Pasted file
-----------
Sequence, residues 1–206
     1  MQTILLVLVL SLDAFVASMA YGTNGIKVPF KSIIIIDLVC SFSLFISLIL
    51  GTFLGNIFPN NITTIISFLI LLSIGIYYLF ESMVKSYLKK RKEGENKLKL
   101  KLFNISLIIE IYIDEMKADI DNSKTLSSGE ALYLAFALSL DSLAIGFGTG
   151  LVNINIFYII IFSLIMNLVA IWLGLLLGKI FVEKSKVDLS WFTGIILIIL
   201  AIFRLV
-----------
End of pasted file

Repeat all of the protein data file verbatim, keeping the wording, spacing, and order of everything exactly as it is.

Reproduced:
Sequence, residues 1–206
     1  MQTILLVLVL SLDAFVASMA YGTNGIKVPF KSIIIIDLVC SFSLFISLIL
    51  GTFLGNIFPN NITTIISFLI LLSIGIYYLF ESMVKSYLKK RKEGENKLKL
   101  KLFNISLIIE IYIDEMKADI DNSKTLSSGE ALYLAFALSL DSLAIGFGTG
   151  LVNINIFYII IFSLIMNLVA IWLGLLLGKI FVEKSKVDLS WFTGIILIIL
   201  AIFRLV